eLetters

60 e-Letters

published between 2006 and 2009

  • MOTOCYCLE INJURIES AND HELMET USE IN NIGERIA
    Ime A John

    Dear Editor,

    It was not only fashionable but life saving for motorcyclists to use helmet while transiting in the 70s and 80s.Limited best practise based on knowledge couple with deteriorating standard of education and not only cost and warm climate may be the attributing factors resulting in the decline of helmet use in the present Nigeria.

    Also, cultural or perhaps religious reasons may explain the use...

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  • Is peer review in Injury Prevention better than random?
    Eric M. Ossiander

    Dear Editor,

    In an editorial [1], you presented data from a study of peer reviews of 20 randomly selected papers submitted to Injury Prevention. Each paper was independently reviewed by three reviewers, who score...

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  • Why stop at cyclists?
    Peter W Ward

    Dear Editor,

    The research letter from Vardy et al (1) seems to suggest that getting head teachers to lecture primary school kids about helmet-wearing made no difference to helmet-wearing rates among those attending hospital with cycling injuries. Neither did it alter the proportion of head injuries. But it was associated with a reduction in the total number of children attending hospital with cycling injuries...

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  • Faulty FARS bicycle helmet use data & implications for effectiveness
    David A. Lombardi, PhD

    Dear Editor and Authors,

    Dr. Geary makes a very important point regarding the validity of the data on the use or non-use of bicycle helmet use abstracted from FARS and recently published by Cummings, et al, in their June, 2006 paper. This issue is one of the most important limitations and challenges in the use of narrative analysis. We previously struggled with a similar issue in a study published in Injury P...

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  • Faulty FARS bicycle helmet use data & implications for effectiveness
    Riley R Geary

    Dear Editor,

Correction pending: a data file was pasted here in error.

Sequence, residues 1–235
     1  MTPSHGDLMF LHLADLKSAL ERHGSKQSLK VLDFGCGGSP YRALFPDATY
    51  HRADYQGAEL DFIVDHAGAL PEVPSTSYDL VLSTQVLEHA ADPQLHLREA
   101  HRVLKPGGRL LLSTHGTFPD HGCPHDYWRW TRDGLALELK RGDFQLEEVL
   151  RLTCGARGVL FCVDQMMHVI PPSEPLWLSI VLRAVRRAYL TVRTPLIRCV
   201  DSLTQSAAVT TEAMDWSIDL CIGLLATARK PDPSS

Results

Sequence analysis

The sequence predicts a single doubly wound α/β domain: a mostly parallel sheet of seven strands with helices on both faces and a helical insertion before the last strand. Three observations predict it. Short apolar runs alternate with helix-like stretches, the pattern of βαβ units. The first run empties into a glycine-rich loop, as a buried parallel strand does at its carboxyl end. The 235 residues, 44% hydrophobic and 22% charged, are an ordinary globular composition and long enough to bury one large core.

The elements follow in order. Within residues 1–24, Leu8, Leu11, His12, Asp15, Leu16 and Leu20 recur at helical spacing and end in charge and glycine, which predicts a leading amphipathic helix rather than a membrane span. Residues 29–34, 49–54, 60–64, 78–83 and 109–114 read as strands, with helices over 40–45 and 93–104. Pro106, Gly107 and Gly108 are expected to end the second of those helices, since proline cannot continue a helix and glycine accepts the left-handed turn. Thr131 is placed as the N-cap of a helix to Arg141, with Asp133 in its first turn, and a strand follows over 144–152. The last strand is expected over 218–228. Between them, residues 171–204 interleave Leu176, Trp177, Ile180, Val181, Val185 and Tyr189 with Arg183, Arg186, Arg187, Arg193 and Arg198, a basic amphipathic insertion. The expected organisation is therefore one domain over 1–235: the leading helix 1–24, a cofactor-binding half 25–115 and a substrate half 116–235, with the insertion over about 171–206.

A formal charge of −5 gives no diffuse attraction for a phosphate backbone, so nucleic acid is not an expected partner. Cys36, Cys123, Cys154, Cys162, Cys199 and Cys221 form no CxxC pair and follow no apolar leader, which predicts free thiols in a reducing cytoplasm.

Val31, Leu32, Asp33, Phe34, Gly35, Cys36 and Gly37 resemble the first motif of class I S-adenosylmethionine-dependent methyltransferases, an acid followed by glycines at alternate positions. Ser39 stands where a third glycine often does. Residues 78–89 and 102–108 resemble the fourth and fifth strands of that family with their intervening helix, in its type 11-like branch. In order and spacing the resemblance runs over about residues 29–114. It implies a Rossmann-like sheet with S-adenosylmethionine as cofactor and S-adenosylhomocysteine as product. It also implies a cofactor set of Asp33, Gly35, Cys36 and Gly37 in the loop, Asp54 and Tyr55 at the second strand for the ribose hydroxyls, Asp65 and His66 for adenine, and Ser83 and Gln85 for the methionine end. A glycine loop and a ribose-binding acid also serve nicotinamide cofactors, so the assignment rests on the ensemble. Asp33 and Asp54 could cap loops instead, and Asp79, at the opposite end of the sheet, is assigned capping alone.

Cummings, et al, in their June, 2006 paper, "Changes in traffic crash mortality rates attributed to use of alcohol, or lack of a seat belt, air bag, motorcycle helmet, or bicycle helmet, United States, 1982-2001" [1] apparently assume that the data on bicycle helmet use among fatally injured bicyclists contained within the Fatality Analysis Reporting System (FARS) database is at least as valid as that...

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  • "Manual stack reviews. Brief history of injury and accident prevention publications "
    Les Fisher

    Dear Editor,

    Thank you for an innovative and practical editorial illustrating applications of the Web of Science for historical research on peer reviewed journal archives (1).

    Several years ago, I went to a medical library and manually reviewed all the annual indices between 1900 and 1975 of the American Journal of Public Health and of Public Health Reports for citations on home or child a...

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  • An old game
    JM DeVink

    Dear Editor,

    Like Ann L., I tried this 'game' when I was in grade school. This would have been 1990 in New Brunswick. It was something I learned from other schoolmates, and was relatively common among students of grades 5-6. We used a self strangulation technique where we would grab our neck with palms on either side of the trachea restricting blood flow causing us to pass out. We were eventually caught doing this...

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  • I'm 16 years old and have experienced the Choking Game
    Lyndsey M.G Holmes

    Hi my name is Lyndsey, I am 16 and my Mother Cindy recently told me about the choking game. I have had some experiences with this game. The only difference is that my friends and I would call it Black Out.

    How we would start out playing this game is, we would sit on the ground with our knees up and leaning over with our elbows on our knees. We would then take really hard breaths in and out until we couldn't h...

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  • The Passing Out Game
    Cindy G. Holmes

    Dear Editor,

    I watched the Fifth Estate program which aired March 15, 2006 and I was saddened to hear of the parents who lost their children but also saddened on how naive our system is to overlook what the truth really is. I felt compelled to call the coroner myself and tell him about my story growing up when we called the Choking Game, the Passing Out Game. My friends and I didn't use objects around our necks...

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  • ER data just as bad
    John Langley

    Shepherd and Sivarajasingam provide a range of compelling reasons why police records of violence should not be used to measure underlying trends in violence. Essentially there are major threats to validity. They do not discuss potential means to reduce this threat. They also identify significant similar threats to validity of emergency department data but do not say how these should be addressed. They then conclude: "G...

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